While searching, don’t shy away from asking tough questions. Find out if the agency covers your training, materials, and testing costs or if you’ll need to cover these expenses yourself. Moreover, ask about potential impacts on your child’s Medicaid and SSI eligibility due to your income as a CNA.

In the end, remember that as a parent CNA, your responsibilities mirror those of other agency employees. You’re expected to provide valuable input on your child’s care, making your role crucial in the healthcare team.

Balancing Responsibilities as a Parent and a CNA


You’ll find that balancing your role as a parent and a CNA can be challenging, but with the right support and adaptability, you can handle both effectively. Remember, you’re not just a caregiver, you’re also a parent. It’s crucial to separate professional responsibilities from parental emotions.

Take advantage of training programs that equip you with the necessary skills to provide efficient care, while also acknowledging the unique, emotional aspect of caring for your child. It’s not unusual to feel overwhelmed. Reach out to your healthcare agency for assistance when needed; they’re there to guide you.

Establish a routine. This helps in delineating your dual roles. As a parent, you’re nurturing your child’s personal growth. As a CNA, you’re ensuring they receive the best medical care.

Document your child’s progress diligently. This isn’t just a professional requirement, it’s also a tool for you to track improvements, setbacks, and to plan further care.


parents taking care of sick daughter in bedroom

Frequently Asked Questions


What Are the Physical and Mental Health Considerations for Family Members Considering Becoming a CNA for Their Child?

Often you have already been providing the necessary care for your loved ones anyways but in the state of Colorado this program allows you to become a certified nurse aide for your loved one. This waiver allows you to work as a certified nurse aide providing the personal care such as bathing and other skills necessary for the client’s well-being while working for a home health agency.

What Kind of Ongoing Professional Development or Training Is Required for Parent CNAs in Colorado?

As a parent CNA in Colorado, you’re required to keep your skills updated. Continuing education opportunities are often offered through your employing agency. These might include in-service training, workshops, or seminars. It’s crucial you stay informed about changes in healthcare practices, especially those related to pediatric care. Remember, you’re not just a parent, you’re a healthcare professional too, and your child’s well-being depends on your expertise.

How Does the Compensation for Parent CNAs in Colorado Compare to Traditional CNAs?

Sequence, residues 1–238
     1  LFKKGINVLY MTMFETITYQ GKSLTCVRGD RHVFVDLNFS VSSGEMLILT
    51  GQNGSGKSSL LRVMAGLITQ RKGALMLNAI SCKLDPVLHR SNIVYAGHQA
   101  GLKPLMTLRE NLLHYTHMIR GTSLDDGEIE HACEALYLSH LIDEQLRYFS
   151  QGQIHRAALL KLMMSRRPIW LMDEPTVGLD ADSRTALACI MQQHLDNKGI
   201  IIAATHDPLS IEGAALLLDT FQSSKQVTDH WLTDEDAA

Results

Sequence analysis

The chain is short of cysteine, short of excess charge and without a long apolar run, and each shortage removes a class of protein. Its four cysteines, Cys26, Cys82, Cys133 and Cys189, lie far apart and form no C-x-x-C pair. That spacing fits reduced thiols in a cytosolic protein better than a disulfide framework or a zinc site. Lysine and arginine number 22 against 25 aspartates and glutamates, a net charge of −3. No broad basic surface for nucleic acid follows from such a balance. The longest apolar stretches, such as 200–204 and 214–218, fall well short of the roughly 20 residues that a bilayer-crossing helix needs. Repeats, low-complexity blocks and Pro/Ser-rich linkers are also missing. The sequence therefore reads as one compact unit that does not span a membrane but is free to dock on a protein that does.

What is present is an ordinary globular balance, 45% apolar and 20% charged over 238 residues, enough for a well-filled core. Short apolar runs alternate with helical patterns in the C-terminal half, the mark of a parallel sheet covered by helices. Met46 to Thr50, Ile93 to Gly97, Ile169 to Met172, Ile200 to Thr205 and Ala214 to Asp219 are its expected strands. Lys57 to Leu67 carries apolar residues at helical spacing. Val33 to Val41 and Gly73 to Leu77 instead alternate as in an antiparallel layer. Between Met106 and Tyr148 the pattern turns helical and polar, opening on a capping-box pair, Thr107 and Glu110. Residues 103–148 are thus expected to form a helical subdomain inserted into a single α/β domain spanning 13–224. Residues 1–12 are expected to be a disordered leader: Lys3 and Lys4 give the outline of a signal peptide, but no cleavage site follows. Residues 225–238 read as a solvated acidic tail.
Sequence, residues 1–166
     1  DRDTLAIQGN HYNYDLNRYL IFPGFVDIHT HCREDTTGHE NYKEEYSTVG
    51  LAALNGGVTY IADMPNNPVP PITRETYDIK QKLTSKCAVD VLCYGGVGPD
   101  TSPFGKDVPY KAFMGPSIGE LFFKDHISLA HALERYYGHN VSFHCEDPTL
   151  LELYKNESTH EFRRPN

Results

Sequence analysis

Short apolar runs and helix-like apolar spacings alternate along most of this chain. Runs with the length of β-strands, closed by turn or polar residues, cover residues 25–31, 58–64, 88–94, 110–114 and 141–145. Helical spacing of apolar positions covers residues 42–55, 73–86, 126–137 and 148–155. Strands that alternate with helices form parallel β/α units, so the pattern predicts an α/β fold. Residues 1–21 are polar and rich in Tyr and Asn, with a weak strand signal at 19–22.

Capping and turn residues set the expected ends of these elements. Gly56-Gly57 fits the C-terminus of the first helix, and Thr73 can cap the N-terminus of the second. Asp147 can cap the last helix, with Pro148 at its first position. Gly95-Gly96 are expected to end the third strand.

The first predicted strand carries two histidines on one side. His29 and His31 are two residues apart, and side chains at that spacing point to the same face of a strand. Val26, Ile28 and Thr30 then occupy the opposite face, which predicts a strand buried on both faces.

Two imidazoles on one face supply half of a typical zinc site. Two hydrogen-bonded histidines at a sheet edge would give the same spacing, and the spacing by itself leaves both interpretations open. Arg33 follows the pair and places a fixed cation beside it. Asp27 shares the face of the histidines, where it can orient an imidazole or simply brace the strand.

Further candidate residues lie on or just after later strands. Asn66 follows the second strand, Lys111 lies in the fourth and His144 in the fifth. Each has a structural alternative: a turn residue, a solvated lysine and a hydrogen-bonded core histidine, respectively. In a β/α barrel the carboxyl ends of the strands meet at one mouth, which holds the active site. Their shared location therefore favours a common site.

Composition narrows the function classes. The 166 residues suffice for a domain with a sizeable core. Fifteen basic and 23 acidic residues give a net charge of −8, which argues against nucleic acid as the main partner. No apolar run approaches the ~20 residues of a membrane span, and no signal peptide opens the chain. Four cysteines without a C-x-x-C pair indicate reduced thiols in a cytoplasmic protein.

As a family caregiver in the Colorado family cna program, your compensation can be comparable to traditional CNAs. However, rates can vary based on the agency you’re employed with. Voyager Home Healthcare is the highest rated and highest paying agency here in Colorado. We have offices located in Colorado Springs, Denver, Pueblo, and surrounding areas.

Being a parent CNA also offers unique benefits like caring for your own child and potentially saving on childcare costs.

Always consider your family’s needs and financial situation when evaluating this role. Remember, your income may affect your child’s Medicaid and Social Security Income eligibility.

Are There Any Specific Legal Considerations or Liabilities That Should Be Considered When Becoming a Parent CNA?

Yes, there are legal considerations.

As a parent CNA, you’re an employee and must follow agency rules, even when caring for your child.

You’ll also need to consider how income may affect your child’s Medicaid eligibility.

What Kind of Support Services Are Available for Parent CNAs to Help Them Manage Their Unique Dual Role?

You’ll find numerous support services to help you manage your dual role as a parent CNA. These include training programs, counseling services, and support groups, which provide essential resources and advice.

Additionally, some home health care agencies offer guidance to help balance your caregiving and parental responsibilities.

It’s important to reach out to these services to ensure you’re providing the best care for your child while also taking care of your own wellbeing.


In conclusion, becoming a Parent CNA in Colorado is a rewarding journey. It requires understanding the Health First Colorado eligibility criteria. It also involves navigating the certification process and undertaking the right training. Additionally, balancing your roles as a parent and a CNA is crucial. Your dedication to this path can lead to invaluable healthcare experience. It also provides the opportunity to provide exceptional support for your child. Remember, you’re not just becoming a CNA – you’re becoming your child’s personal healthcare champion.

The Highest Rated Parent CNA PRovider in Colorado

Voyager Home health Care is the Highest Paying Provider In Colorado

. To learn more about how Voyager Home Health helps

Parent CNA clients in Colorado, Pueblo, Denver, Aurora, and the surrounding areas, contact us today at (719)-401-5654.

Highest Paying Provider   ● Highest Quality   ● All Phones Text-able   ●   Overtime Allowed  ● Smart Documentation ● Home Healthcare Company with Class A License.


Voyager Home Health Care is known for being the highest rated provider in Colorado.